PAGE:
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Lack of GP continuity increases mortality in several chronic diseases

Lack of GP continuity increases mortality in several chronic diseases

Lower GP continuity is linked with increased mortality in patients with several chronic diseases, a study has found.

Patients with COPD, diabetes and heart failure, who see a regular named GP for their condition have lower rates of mortality than those who do not, the study of Norwegian primary care consultation data found.

The effect was particularly pronounced for COPD in the bottom quartile on a continuity scale with a 47% increased risk of dying within two years than those rated in the top quartile.

Similar patterns were seen when researchers looked at all consultations and not just those for the specific condition.

But the association was not seen with asthma, the researchers reported in the British Journal of General Practice, which they said was likely to be because it was a much larger population with lower mortality overall.

But the team also wanted to look at what happened when that personal list was ‘breached’ and the patient moved GP.

They explained that while patients in Norway have high levels of continuity because the Government introduced a personal list system in 200, every year about 15% of the population change their regular GP, either at the patients’ discretion or because GPs leave or retire.

There have been changes over time with workload pressures, increased use of locums and the prioritising of access over continuity, they explained.

The analysis showed that the association between continuity and mortality was not that different when a patient changed their regular GP suggesting that having a well-functioning list system with good information and management systems could ‘compensate for the adverse effects when changing GP’.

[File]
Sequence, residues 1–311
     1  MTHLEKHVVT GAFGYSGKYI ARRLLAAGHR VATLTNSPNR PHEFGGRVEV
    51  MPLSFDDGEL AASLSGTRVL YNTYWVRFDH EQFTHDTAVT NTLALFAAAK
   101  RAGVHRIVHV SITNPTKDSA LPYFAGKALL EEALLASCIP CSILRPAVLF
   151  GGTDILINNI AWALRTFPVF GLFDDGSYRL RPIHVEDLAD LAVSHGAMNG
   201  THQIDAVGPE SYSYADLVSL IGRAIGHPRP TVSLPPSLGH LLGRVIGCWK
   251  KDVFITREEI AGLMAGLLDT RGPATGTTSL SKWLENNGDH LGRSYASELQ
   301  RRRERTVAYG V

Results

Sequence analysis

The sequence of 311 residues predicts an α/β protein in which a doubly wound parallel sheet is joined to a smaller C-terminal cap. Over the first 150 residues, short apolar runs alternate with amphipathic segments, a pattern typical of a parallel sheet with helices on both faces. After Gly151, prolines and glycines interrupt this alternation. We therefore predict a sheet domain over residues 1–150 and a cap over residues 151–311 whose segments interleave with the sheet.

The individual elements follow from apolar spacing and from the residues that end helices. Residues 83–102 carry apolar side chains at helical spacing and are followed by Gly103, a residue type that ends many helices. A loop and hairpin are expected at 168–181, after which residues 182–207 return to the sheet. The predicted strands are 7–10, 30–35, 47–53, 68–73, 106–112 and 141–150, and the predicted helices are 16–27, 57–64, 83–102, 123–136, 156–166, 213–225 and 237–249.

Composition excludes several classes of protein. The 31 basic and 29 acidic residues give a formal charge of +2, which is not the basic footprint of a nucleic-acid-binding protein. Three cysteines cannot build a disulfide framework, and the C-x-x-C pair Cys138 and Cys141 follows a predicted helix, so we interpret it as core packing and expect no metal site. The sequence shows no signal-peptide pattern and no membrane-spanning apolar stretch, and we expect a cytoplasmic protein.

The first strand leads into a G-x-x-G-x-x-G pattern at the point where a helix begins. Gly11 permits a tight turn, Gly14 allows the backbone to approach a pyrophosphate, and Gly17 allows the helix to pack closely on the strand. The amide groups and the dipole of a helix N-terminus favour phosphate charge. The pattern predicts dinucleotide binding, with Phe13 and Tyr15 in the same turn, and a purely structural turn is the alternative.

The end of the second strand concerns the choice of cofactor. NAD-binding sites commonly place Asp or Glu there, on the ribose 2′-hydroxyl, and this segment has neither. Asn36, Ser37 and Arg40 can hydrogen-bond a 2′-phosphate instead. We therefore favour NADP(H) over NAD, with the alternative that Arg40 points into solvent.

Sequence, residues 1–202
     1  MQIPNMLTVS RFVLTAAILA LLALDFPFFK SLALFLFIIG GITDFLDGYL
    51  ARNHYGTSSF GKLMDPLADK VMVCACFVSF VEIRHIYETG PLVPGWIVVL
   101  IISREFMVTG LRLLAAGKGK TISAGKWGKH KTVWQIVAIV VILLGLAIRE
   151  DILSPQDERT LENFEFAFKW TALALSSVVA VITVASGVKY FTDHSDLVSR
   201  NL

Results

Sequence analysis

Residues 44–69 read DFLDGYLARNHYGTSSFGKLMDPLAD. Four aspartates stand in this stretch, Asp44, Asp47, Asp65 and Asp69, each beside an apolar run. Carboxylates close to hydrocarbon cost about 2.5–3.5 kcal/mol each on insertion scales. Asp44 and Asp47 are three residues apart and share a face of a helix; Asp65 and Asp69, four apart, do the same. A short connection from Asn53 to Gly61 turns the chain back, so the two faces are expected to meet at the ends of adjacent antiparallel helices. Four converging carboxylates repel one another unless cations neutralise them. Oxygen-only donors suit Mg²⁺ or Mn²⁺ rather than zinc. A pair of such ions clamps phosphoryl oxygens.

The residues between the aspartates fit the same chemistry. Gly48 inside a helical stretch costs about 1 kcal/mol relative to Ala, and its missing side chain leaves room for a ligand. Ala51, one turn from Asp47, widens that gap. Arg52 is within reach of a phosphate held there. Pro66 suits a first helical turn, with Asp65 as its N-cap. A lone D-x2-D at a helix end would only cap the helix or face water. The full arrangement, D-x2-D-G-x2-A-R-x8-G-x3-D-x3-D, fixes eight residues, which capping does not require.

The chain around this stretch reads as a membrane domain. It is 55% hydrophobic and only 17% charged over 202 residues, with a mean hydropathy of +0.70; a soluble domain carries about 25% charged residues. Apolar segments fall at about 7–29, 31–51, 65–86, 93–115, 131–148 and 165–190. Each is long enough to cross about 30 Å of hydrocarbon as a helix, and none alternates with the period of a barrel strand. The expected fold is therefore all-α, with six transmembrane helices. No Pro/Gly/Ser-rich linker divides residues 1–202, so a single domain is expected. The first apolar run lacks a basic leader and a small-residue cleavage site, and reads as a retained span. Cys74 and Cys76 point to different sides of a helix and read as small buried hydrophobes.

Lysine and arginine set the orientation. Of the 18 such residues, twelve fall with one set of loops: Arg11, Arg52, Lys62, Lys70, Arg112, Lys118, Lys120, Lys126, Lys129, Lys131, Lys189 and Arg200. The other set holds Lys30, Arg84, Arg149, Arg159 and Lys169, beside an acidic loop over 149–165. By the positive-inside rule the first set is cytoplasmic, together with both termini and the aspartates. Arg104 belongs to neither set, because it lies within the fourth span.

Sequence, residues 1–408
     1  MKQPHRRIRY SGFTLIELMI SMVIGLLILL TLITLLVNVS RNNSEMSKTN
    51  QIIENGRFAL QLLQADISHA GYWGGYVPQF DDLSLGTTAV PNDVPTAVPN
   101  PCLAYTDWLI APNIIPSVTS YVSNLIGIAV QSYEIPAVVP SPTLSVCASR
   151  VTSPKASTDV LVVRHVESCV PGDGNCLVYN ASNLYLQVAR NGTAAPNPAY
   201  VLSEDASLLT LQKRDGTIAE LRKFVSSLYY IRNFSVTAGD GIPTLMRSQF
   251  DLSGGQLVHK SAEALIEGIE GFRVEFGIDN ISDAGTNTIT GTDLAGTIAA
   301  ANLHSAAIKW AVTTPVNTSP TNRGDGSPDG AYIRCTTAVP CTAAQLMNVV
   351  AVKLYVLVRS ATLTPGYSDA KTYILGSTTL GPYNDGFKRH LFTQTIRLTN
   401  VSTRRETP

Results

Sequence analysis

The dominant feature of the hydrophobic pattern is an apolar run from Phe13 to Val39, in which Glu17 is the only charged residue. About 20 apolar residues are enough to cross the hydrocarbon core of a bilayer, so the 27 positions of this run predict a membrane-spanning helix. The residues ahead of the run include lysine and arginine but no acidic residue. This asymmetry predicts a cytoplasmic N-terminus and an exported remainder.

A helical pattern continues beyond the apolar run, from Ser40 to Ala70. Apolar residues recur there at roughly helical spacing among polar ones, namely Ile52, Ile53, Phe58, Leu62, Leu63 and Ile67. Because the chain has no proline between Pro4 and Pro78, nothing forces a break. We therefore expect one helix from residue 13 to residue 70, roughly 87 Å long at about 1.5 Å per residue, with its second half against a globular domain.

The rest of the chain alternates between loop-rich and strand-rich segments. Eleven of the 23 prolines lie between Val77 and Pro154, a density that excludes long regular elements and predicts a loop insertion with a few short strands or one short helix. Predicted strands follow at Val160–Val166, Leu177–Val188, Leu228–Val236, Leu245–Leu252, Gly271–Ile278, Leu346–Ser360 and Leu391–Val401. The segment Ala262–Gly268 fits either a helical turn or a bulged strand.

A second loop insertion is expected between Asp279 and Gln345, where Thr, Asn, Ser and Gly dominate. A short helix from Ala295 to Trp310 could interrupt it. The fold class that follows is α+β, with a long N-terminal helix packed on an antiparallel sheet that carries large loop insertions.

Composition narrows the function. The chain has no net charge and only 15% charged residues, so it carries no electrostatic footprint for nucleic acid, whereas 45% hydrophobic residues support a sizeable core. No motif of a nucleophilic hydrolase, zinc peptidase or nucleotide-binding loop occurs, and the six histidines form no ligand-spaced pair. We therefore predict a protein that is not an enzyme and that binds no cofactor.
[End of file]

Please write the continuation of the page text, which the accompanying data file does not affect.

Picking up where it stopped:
Study lead Sahar Pahlavanyali from the Department of Global Public Health and Primary Care at the University of Bergen said the research could help guide policy makers on who should be a priority for continuity.

‘When it comes down to prioritising patients with chronic disease and older patients since studies have shown that they have a lot of benefit but it’s very important to keep in mind that providing continuity of care does not involve only chronic care consultations in order for GP to build a relationship with their patients.

‘In Norway we have this personal list system and when it works properly it already provides some continuity for all the patients and that can be both personal continuity but also informational and management continuity.’

She added that they had expected to find some difference between continuity of care and mortality for those who had the same regular GP and those who changed their regular GP during the four-year study.

But it was likely that patients were becoming registered with another GP in the same practice providing some protective affect against the negative impact of lower continuity, she explained.


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Northern Trainer 26 April, 2024 10:08 pm

Saddened that there is no “bears sh1t in the woods” comment to this by now……. Clearly all the best readers are busy supervising and debriefing others.